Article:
French Food in Houston?
So I've seen a few posts here and there with a few suggestions for French in Houston, but I was hoping to get a collective list and opinions about French Restaurants in the area. Here are a few that I saw posted to get the thoughts started:
- Chez nous in Humble
- Brasserie Max and Julie
- Bistro Le Cep
- Brasserie 19
- Le Mistral
- Bistro Provence
Thoughts? More suggestions? Good, better, best?
I'm a big fan of French food and I can't say that I've had much luck with finding good French in Houston (although I confess I don't travel there often). The place on your list that I have the most recent experience with his Brasserie 19. It's decent, to slightly above average, but nothing to write home about, at least the last time I ate there. I don't remember specific dishes, but I remember the meal as OK, nothing more.
Wine list is (or was, at least) in an annoying -- near incomprehensible -- electronic form (with pictures!!). Again, the list was slightly above average, but not special. The Burgundy section, the part of the list that I paid the most attention to, was filled with mid to lower level producers with a few exceptions -- Thibeaut Ligier-Belair and Ghislaine Barthod both come to mind. And even in those cases, the wines they had weren't top wines from those domaines. A quick look at the Rhones showed much the same (although the did have a Coudulet de Beaucastel Cotes-du-Rhone (but not their CNdP).
I've heard good things about Le Mistral, but it's just so far out from downtown where I'm usually staying. Something like a 40 mile round trip for dinner. Not just outside the loop, but even outside the Beltway!!! Not my idea of fun. Likewise, I've never investigated the restaurant out in Humble. Driving 20 miles for dinner and having good wine and then having to drive 20 miles back to town sounds hideous.
I am a very big fan of Le Mistral. After experiencing the Kitchen Table and several other meals, it is definitely worth the drive. The food is not over seasoned, just right. One of the best sea bass' I have ever eaten.
And believe it or not, the Pot Pie is to die for.
You're missing a fair few of the decent in-the-loop places:
Au Petit Paris
Bistro Des Amis
and soon to open near the Galleria Etoile
are just a few of the ones that come immediately to mind without thinking too hard. I'd think that Philippe, Artisans and Au Petit Paris are slightly better than all of the ones that were originally mentioned, but that's just my personal opinion. L'Olivier is very good, and it really depends whether you're looking for traditional, bistro, or "updated" versions of French.
Okay, so it's not really "in Houston," but Katy. And it's not really "French," but Italian.
Still, Da Vinci is owned and operated by Alex Salmassi, a Monegasque that graduated from Le Cordon Bleu in Paris, so he's certainly familiar with the finest dishes of France.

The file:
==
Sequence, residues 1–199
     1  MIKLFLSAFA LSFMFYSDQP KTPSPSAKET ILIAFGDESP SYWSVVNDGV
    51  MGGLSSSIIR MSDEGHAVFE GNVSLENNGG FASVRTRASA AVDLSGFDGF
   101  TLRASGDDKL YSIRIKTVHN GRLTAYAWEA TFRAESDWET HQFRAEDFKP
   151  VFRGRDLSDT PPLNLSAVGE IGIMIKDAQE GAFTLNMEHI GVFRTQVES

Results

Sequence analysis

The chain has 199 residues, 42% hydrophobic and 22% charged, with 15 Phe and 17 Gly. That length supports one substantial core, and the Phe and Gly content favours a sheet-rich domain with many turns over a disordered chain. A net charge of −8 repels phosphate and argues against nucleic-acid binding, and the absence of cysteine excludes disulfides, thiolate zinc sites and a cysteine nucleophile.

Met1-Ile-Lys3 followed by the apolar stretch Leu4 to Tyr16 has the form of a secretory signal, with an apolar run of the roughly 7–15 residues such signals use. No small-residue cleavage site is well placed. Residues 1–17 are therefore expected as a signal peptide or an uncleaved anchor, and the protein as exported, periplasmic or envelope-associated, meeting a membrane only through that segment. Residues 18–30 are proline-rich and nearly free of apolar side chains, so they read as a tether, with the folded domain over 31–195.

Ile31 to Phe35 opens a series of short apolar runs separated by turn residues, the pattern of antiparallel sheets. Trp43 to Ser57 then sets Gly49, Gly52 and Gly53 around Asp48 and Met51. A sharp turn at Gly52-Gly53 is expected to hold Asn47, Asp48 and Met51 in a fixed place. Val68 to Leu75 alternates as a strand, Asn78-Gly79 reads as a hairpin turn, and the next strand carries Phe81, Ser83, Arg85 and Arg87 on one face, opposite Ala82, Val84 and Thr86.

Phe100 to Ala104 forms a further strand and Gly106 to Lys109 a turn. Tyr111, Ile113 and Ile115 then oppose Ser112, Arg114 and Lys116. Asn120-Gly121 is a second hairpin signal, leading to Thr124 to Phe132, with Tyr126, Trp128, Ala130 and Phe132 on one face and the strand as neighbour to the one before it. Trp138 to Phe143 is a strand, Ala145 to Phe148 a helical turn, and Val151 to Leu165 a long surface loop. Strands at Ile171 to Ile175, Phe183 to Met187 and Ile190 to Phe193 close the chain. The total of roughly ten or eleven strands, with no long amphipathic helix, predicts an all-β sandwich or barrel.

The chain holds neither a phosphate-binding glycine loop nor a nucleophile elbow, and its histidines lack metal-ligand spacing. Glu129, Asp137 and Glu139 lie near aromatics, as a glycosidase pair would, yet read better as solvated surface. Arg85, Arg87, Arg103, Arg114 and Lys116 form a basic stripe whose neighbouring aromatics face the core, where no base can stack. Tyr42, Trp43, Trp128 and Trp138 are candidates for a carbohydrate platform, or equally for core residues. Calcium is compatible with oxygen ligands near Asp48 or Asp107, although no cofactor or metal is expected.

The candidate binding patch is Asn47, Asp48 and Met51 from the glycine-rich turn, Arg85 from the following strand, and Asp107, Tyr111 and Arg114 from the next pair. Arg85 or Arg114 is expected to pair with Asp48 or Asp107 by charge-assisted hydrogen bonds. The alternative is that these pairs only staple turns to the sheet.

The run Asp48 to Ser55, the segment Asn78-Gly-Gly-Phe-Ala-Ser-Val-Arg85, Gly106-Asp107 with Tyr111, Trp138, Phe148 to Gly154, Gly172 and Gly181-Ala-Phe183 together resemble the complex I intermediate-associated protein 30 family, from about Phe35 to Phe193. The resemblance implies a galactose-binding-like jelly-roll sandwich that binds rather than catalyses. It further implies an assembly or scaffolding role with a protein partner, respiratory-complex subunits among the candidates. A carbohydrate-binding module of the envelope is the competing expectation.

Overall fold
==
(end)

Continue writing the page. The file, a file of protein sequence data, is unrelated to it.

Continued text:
The menu rotates according to what's good and fresh in the markets, and what he's in the mood to prepare. And, he will prepare whatever special dishes you'd like, if you give him enough notice, and he can source the ingredients.
He and his exquisite restaurant are definitely worth a mention to anyone searching for French food in the Houston area.
Report on L'Olivier-
I really wanted to like this place, because the waiter was fun, the price was about on par with what I was willing to pay for date night with my wife, and it had just the right amount of whimsical to their presentation.
Amazing raw oysters - sorry can't remember the coast nor type, but perfectly briny and sweet at the same time. Skip the weird vinegar shallot sauce though - tastes like it's been sitting around too long or something and just ruins the flavor of the oyster.
Excellent Farmer's Salad - chunks of bacon, beautiful poached egg with runny yolk, bacon vinagrette on mixed greens.
Amazing Moules (Mussels) - delicious white wine broth, excellent seasoning, and huge portion.
Delicious 'Waffle cake' with housemade blackberry and red wine ice cream - just as it sounds, warm crunchy waffle with the just right tart ice cream.
(Insert catchy name for cocktail here) - hibiscus, gin, raspberry liqueur, soda based cocktail which was truly excellent.
- Tropical Ceviche - tiny bits of diced seafood swimming in a very bland ?yuzu based chilled broth. Kind of boring for ceviche - not sure what they were going for because it was not really tropical and seemed to lack the spirit of a really good ceviche. Kind of just dead and disappointing.
- Side of Brussel Sprouts - they were sliced thin and ?sauteed with butter and some lemon and kind of peppery. Taste was decent, and served in a tiny Le Creuset, but not terribly memorable.
- Beef Bourguignon - seriously mediocre. Insufficiently seasoned, one bit of a mushroom (?), tiny portion, few chunks of bacon which were nice. Served on an even smaller bed of mashed potatoes (not memorable). Sauce served on the side in a little metal cup - why? Isn't this a braise? Isn't that what the whole thing is about? The rich, complex gravy I was hoping for... never materialized.
... And for the most unfortunate part - the Frites. I mean, really? I have never had bad fries at a French restaurant - until this moment - especially when you're paying upwards of $5 for fries. That's why above, I could only comment on the Moules being good, not the Moules et Frites. Served in a paper bag - yes, cute, whimsical - but soggy, undercooked in some places, burnt in others. Yes, that's right, we don't serve fries in paper bags because they get soggy - even when perfectly cooked (which these were not). Why not just do the newspaper cone that most bistros have done for the whimsical touch? At least it vents out the steam!
Oh, and one more first - no bread. None. Not a single mini baguette.
So, what do you do with the inconsistent, but kind of pricey restaurant? Do you go back and take your chance again?